When I was a boy, I wanted to be an astronomer. I must have missed a beat in my prayers; some half-deaf biggie up there turned me, officially last Monday, into a gastronomer. What a gas.
Well, you can also say “gastronome” or “gastronomist.” The English language tries hard to accommodate everything French, since that culture takes precedence, especially when it comes to culinary excellence: read the feasting table.
Why, even the matter of spit-roasting had been raised to the level of science as early as the 13th century. C’est incroyable!
In 1248, King Louis IX established the Guild of Goose Roasters, which generically became the Chaine des Rotisseurs and flourished for over 500 years until pheasant-hungry peasants stormed the Bastille so they could eat cake and make heads roll. All guilds were abolished in the name of Liberté, Fraternité, Egalité! It wasn’t until 1950 that the Chaine was re-founded in Paris.
And now, after 60 years, the worldwide organization called Confrerie de la Chaine des Rotisseurs — which unites both professional caterers and amateur gastronomes who enjoy good food in general and that cooked on the turning spit and silver grill, in particular — enjoys a membership of 30,000 “foodies” in 123 countries organized into National and Regional Balliages.
Here, we have a Balliage de Manille and a Balliage de Cebu, from where our national head honcho comes — Michel J. Lhuillier, Bailli Délégue National and Membre, Conseil Magistral. His spouse Amparito Llamas-Lhuillier is Bailli de Cebu, meaning she heads that chapter. For Manila, it’s the dashing Federico S. Borromeo Jr., my friend since we worked together on a coffee-table book for the Rotary International or was it Makati or both.
My tocayo Freddie had invited me to attend a couple of dinners with the Chaine, and on both occasions he must have appreciated the manner in which I burped most discreetly, apart from expressing my admiration for the level of imagination and creativity that went behind the preparation of special menus, particularly those that were paired with excellent wines and/or more robust alcoholic drinks, such as single malt whisky.
Last Monday, March 14, new members were inducted into the Chaine. And my goodness, I happened to be one of these, together with my rock-‘n’-roll and broadcast buddy Harry Tambuatco, among several others.
Each one of us was called onstage, given a sash and medallion crafted in Paris, and made to hold a saber, with its point down on the floor, and then received not exactly whacks but taps on our shoulders with a sword blade, as conducted by Monsieur Lhuillier. Then the handshakes and congrats, the signatures executed on parchment sheets that now said we were Chevaliers of Chaine des Rotisseurs, Balliage des Philippines, as well as Membres Gourmet Desgustateur of the Ordre Mondial des Gourmet Degustateurs. The latter, I believe, has to do with liking spirits of the glasses as much as calories found on plates.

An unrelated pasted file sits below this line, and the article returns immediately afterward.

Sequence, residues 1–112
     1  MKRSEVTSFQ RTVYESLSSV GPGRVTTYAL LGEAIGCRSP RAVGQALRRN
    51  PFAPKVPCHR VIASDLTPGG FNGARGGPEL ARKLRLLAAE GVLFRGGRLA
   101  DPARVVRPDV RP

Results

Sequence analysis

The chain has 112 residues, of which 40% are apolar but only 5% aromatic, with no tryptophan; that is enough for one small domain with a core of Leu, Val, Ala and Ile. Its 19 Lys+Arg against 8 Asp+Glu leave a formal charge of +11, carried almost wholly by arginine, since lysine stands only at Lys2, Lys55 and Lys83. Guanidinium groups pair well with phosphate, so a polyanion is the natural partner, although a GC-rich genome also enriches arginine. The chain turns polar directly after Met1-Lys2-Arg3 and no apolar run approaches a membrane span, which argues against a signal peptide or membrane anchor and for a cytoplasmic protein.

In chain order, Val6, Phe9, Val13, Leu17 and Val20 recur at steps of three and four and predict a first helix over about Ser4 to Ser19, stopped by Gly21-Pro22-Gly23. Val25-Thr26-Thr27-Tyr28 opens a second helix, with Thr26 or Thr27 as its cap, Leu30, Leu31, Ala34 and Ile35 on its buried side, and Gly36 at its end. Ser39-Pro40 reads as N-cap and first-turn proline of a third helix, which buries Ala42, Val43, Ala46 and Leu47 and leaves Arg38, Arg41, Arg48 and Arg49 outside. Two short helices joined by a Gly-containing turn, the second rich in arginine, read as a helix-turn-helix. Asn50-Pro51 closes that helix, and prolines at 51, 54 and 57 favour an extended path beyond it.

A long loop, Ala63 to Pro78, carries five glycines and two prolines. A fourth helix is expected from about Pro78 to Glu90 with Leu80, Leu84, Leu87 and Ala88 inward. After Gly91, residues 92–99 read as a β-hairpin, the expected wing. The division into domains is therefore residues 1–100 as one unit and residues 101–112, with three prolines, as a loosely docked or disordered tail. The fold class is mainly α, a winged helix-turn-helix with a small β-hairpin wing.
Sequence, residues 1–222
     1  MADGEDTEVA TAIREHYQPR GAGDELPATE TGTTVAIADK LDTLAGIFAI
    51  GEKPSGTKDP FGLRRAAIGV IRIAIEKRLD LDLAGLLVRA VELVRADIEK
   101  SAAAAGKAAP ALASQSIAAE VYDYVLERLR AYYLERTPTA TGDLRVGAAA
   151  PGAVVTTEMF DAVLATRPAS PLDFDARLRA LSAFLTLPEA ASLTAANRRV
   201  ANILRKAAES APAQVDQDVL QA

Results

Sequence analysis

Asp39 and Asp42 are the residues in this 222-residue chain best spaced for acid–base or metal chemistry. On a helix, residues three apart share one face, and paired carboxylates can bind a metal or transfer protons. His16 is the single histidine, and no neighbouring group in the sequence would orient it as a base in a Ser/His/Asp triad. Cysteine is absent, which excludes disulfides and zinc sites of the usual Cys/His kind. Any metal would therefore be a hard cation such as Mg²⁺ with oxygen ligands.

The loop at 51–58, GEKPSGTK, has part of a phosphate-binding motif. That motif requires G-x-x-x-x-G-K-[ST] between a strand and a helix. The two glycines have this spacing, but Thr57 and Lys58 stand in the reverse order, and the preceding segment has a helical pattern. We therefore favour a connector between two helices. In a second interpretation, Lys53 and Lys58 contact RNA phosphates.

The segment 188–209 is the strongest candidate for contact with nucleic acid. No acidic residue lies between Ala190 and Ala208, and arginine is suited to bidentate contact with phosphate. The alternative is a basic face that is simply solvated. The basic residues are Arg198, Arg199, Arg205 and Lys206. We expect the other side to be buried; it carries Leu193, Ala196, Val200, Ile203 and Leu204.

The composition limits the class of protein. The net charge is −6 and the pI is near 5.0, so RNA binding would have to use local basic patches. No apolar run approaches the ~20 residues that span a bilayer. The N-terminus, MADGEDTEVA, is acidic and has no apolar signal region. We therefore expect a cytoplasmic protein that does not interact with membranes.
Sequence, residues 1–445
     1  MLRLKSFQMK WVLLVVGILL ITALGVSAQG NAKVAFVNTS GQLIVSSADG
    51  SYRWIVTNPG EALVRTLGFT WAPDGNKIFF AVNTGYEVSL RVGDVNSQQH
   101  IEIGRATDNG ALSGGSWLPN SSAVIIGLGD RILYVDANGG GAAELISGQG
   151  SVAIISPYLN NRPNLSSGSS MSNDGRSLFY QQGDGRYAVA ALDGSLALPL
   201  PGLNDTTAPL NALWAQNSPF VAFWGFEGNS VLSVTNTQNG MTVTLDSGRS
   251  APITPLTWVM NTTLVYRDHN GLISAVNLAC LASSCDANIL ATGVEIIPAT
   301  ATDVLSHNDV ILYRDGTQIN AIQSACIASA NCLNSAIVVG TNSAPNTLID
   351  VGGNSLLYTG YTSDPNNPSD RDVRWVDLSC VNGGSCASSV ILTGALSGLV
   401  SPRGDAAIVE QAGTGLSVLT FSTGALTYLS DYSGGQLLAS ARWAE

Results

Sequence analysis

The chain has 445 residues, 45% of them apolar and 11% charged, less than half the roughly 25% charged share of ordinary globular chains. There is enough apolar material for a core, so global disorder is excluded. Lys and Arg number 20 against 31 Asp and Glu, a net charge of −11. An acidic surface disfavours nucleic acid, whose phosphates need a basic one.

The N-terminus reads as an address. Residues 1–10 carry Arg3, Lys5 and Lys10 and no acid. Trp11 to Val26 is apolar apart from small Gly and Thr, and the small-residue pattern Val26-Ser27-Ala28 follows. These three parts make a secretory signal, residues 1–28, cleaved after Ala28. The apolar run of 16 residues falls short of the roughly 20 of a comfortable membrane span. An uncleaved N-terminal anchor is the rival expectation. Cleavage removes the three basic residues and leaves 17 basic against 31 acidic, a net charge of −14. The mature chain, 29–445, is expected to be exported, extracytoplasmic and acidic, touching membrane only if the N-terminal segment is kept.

This ceremony was not the only highlight of the long evening that was billed as “Tryst with Madame Ning” and held mainly in the Rigodon Ballroom of the Manila Peninsula Hotel.
It all started with cocktails at Salon de Ning, that ode to decadence that wonderfully mystifies and mythifies the concocted character of a Ms. Ning of Shanghai who becomes a Madame and celebrates her fabled status with thematic collections — such as of shoes and boxing paraphernalia — displayed with art deco panache in nearly horror vacui resplendence.
A large screen that served as the stage backdrop flashed images of a culinary narrative that brought everyone from, say, Brandenburg, Germany to Peshawar, India, as introduction to the next course, titled “Kundan, Lal Gujral / Graf Von Zeppelin” and composed of tandoori prawn and scallop with pickled vegetables and raita, washed down with Max Ferd Richter Mulheiner Sonnenlay Zeppelinlabel 2008.
An intermezzo of lychee and raspberry sorbet followed, the plating so aesthetically pleasing. Then the “August Escoffier” that harked to Monte Carlo, France — beef tenderloin, pumpkin risotto, asparagus and cepes sauce — with yet another glass poured by the kitchen attendants who marched in dramatically with each new plate, this time from freshly uncorked bottles of Louis Legin Santenay ler Cru La Comme Rouge 2005.
The next course evoked Milan, Italy, with parfait of gorgonzola and mascarpone cheese plus raisins, garden greens and toasted brioche, the paired wine the sweet bubbly G.D. Vajra Moscato D’Asti 2008.
A tribute to Baron Ferdinand von Richthofen and “The Silk Road” followed, with exotic spice-roasted pineapple and peppered mango sorbet, paired with Salon de Ning Champagne Rose Brut.
Coffee or tea came with “Assorted Mignardise” — so brightly pastel-colored one wanted to preserve them as sala decor.